Posted on 10/23/2021
By: Hans Themistode
Once upon a time, boxing was considered to be in a golden era. Leading the way were “Sugar” Ray Leonard, Marvin Hagler, Roberto Duran, and last but certainly not least – Thomas Hearns.
At various points throughout their careers, the four laced up their gloves and fought each other in the ring. More than anything, due to their otherworldly skills and vast accomplishments, they were intrinsically tied together and known as the “Four Kings.”
In today’s day and age, Gervonta Davis, Ryan Garcia, Teofimo Lopez, and Devin Haney are now considered the “Four Kings” of this era. While they’re all viewed as incredibly talented and future ambassadors of the sport, Davis is of the belief that his star power shines brighter than them all.
“The four kings, who can actually draw people?” Questioned Davis to a group of reporters. “Who do they really want to watch? Me. Everybody calls me out because they want money, they want fame.”
On December 5th, later this year, Davis will look to put approximately 20,000 butts in seats when he takes on Rolando “Rolly” Romero at Staples Center in Los Angeles, California. Presently, Davis is confident that he’ll produce another sold-out event. In the case of his fellow young contemporaries, Davis doubts their ability to pack arenas and sell pay-per-views.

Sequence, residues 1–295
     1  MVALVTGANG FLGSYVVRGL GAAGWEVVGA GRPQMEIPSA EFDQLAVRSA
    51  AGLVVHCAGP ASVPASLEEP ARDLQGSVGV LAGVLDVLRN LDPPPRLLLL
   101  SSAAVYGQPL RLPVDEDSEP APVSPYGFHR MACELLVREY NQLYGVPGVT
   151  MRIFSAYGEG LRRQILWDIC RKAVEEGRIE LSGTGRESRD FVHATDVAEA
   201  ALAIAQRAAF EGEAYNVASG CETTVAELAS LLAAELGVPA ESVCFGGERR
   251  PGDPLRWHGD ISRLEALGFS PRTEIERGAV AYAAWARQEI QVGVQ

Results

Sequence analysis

Davis, 26, has particularly taken aim at Teofimo Lopez and his supposed star appeal. The unified 135-pound titlist is currently scheduled to return to the ring one week before Davis on November 27th, at the Hulu Theater in Madison Square Garden in New York City.
News of Lopez headlining an event at the much smaller Hulu Theater, a venue that holds approximately 5,600 fans, as opposed to the Garden’s big room, a locale that hosts upwards of 20,000 people, was laughable to Davis.
In an act to debunk the notion that Lopez is some sort of star, Davis rips into his fellow young rival.
“He can’t even sell tickets. He about to fight in New York and that only holds what? 4,000? Tell him to sell some tickets then holla at me, bum ass n*gga.”